green land of ice

July 22, 2005

This morning I awoke with a hint of that lifting of the spirits that accompanies the beginning of a journey. Not too much, mind you—I consciously shoved aside most of it, knowing that there was yet too much to do in preparation to fully lose myself in happy-traveling-mindset. But, I can see the nearing date now, just 4 days away. One more work day and 2 more packing and studying days. What with the month of catch-up work for this class that was already in session before I joined and the class that I was already attending, there is a fair bit of studies on my list, to say the least. But I know, from all my years as a traveler, that if I persist diligently enough in the preparations, I will be more than rewarded by that glorious moment of the journey’s commencement.
One interesting thing about it all is that it was only after my going was certain that I discovered that Iceland was the first stop—only 2 days there, but it will be our recoup time, with freedom for reading, sightseeing, and such. Now the reason this was such a surprising discovery to me is that I have had an intense fascination with Iceland since my elementary years, at boarding school. In the play area there, we had a large flat map of the world, in relief. It was about the size of a sandbox, with each country painted a different colour and labeled. From the first time I examined it, I was inexplicably drawn to the two parallel countries of Iceland and Greenland. What funny names, I thought. Why would they be called that . . . Is Iceland full of ice? . . . And is Greenland all green? . . .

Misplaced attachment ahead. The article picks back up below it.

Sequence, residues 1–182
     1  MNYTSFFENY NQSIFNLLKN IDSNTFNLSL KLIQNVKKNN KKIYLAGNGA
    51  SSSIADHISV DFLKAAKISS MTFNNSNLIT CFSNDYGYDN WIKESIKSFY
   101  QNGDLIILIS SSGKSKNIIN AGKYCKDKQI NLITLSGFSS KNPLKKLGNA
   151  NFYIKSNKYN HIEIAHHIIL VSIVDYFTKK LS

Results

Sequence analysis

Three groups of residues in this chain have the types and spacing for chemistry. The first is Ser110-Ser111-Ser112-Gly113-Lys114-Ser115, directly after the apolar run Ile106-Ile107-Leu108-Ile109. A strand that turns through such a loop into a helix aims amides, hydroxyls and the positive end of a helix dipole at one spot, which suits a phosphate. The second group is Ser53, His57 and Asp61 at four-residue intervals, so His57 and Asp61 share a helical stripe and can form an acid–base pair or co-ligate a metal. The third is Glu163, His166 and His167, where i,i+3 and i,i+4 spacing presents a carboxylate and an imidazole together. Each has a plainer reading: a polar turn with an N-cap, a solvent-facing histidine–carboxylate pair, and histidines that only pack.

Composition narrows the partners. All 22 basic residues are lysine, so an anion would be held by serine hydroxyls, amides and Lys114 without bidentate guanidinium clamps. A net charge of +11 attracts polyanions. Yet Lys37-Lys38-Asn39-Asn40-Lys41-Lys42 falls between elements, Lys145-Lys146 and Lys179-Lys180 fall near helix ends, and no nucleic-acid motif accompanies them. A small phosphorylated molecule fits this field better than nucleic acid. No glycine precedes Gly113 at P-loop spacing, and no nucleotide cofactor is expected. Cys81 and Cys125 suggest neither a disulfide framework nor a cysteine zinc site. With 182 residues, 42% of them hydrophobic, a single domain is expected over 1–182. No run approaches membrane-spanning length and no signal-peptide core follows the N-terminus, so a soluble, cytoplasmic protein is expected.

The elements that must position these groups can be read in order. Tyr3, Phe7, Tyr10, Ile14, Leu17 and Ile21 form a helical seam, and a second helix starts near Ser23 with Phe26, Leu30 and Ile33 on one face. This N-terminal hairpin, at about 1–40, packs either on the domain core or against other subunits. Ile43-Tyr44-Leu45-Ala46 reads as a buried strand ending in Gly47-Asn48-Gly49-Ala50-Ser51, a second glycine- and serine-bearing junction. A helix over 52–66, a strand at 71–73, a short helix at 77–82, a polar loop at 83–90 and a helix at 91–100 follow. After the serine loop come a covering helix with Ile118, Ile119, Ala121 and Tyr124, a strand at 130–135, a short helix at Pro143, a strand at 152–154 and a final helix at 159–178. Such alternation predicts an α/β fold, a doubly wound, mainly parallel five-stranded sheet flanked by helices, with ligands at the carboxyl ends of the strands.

Finally, one day a teacher was nearby and I asked about the two countries. Oh, he said, actually, you know, they are sort of the opposite. Greenland is pretty bleak, while Iceland is quite lush and green.
Well, that clenched it for me. Iceland must be the most lovely country ever. I mean, what else could explain a land that was so beautiful that it could only be named the exact opposite of what it really was. Oh, I did long to see such a place.
And what do you know? As it turns out, I have stumbled upon the chance to not only spent 3 weeks immersed in the world of children’s literature, hobnobbing with all the Greats in the field and studying with other lovers of the genre . . . but also, I am now–20 years after my initial discovery of the country—well, I’m going. Iceland or bust. p.s. I do plan on posting some blog entries during my travels so, if you are inclined to do so, please do stay tuned :-)

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